Imagine my surprise when this actually happened. Considering all it took just to become a working screenwriter, I might not have survived being labeled a communist to boot. I never gave much thought to the studios' support of McCarthyism against early screenwriters attempting to organize. I'd only been after the health insurance, and of course the pretty card, knowing full well that my chances of securing either grew painfully longer with each passing year.

Looking around the reception room at the mostly young, mostly male new membership, I experienced a genuine movie moment. I'm not a white guy and I hardly remember my twenties, but there I stood anyway. Having beaten some shamefully long odds, I nonetheless found myself shoulder to shoulder among this closed club's famously fair-haired demographic.

On the way out, I was handed a very nice, boxed silver pen emblazoned with the WGA emblem. It's no Mont Blanc, mind you, but more likely another logo item purchased in bulk from a business gifts catalogue. And yet, I shall treasure it always. If life were indeed a movie, it would fall out of my hand as I wrote my last word, which in my case is unlikely to be "Rosebud," but rather, "Redford."

Blogaversary Party

A year ago I started this blog because I was a writer nobody wanted to read. I'd had enough of opening the trades to news of another record spec sale I hadn't made. When blogs I hadn't created were optioned for books, sitcoms and three-picture deals I hadn't landed, I became even more annoyed. Eventually it became clear that if I didn't have a blog I'd surely never be tapped to adapt a blog into a New York Times bestseller and the feel good movie of the year. If also else failed, I would at least have created a repository for my work, forcing myself on a daily basis to chronicle the tail end of my ten-year struggle from successful journalist to failed screenwriter. The truth is, I wasn't at all sure I had a full year of struggle left in me.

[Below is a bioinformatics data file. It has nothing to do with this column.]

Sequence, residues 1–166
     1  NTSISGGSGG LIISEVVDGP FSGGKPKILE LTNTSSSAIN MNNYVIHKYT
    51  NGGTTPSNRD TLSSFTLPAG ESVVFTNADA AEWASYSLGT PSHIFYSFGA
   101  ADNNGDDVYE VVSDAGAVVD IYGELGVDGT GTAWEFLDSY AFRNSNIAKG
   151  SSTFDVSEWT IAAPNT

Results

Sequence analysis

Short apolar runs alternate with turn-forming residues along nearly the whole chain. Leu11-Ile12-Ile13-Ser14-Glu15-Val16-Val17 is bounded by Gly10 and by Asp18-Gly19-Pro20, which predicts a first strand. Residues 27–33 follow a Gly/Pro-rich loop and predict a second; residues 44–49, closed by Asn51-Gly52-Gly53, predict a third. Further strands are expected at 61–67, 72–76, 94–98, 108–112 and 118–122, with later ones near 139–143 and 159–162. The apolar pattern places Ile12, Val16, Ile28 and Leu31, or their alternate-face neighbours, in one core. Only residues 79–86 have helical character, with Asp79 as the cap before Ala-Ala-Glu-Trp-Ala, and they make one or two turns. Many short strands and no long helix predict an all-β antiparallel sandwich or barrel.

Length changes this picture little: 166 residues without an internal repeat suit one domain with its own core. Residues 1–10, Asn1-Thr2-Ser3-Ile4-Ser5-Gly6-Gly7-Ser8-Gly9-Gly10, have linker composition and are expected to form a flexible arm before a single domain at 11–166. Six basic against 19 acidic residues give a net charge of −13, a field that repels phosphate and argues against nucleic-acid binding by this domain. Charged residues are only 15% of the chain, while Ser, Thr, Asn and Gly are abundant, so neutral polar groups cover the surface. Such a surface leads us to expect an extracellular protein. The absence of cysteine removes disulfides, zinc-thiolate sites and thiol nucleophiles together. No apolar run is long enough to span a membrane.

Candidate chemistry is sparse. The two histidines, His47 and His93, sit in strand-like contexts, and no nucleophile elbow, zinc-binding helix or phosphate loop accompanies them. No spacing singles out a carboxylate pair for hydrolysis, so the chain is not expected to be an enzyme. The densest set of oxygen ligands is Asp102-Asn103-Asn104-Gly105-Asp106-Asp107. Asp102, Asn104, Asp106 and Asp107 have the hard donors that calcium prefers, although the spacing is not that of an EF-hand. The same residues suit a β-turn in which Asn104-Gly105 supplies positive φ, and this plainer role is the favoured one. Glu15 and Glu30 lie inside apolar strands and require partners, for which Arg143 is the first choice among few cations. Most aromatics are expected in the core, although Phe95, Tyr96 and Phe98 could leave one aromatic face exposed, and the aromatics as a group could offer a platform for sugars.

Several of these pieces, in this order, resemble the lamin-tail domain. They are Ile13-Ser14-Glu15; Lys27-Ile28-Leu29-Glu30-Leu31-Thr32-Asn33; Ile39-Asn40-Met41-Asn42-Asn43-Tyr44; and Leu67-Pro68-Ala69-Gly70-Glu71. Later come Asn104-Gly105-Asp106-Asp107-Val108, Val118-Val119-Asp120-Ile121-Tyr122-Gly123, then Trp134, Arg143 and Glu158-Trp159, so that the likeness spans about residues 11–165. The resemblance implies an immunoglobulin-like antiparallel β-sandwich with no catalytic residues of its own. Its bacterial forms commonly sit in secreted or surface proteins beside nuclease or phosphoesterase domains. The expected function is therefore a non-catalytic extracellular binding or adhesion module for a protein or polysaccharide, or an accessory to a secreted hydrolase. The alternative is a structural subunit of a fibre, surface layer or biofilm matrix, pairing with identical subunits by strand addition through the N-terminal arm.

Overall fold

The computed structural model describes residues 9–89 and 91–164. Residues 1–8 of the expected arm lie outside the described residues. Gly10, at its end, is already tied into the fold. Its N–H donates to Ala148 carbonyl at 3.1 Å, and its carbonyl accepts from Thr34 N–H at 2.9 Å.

Looking back through my early postings, I see that it took awhile to find my bloggerly groove. There is comedy in misery, I soon discovered, especially here in Hollywood, where the world's class clowns and homecoming kings and queens share the dubious goal of wanting in. What I hadn't counted on, of course, was getting in. What's fun about that? While selling my first script has opened all kinds of doors I spent so many years kicking in, the immutable truth is that success isn't nearly as funny as failure.

I used to record my thoughts here every day because I didn't have anything else to do with them. Now I have all kinds of things, and lo and behold, they're not all that fascinating. Today, for example, I have the shades drawn and the A/C on. I'll be in my pajamas all afternoon, working on a revised outline for my producers at Universal. Should my literary agent call to inquire into the latest re-write of my book proposal, I will either screen the call or pick it up and lie. At some point, I will make an egg salad sandwich and watch back to back episodes of Judge Judy. While I may tell myself I'm too busy to blog, the reality is I no longer have the requisite desperation to be heard.

Over the last year, my readership has grown from a single visitor, my sister, to many thousands of you every week who seem to pop by in equal numbers regardless of how long it's been since my last post. I can't promise I'll post more frequently now that I'm not as miserable or hilarious a girl as I once was. I do, however, urge the mysterious throngs who missed my early missives to get your fix in my archives. You might find, as I did, that success isn't so different than failure after all.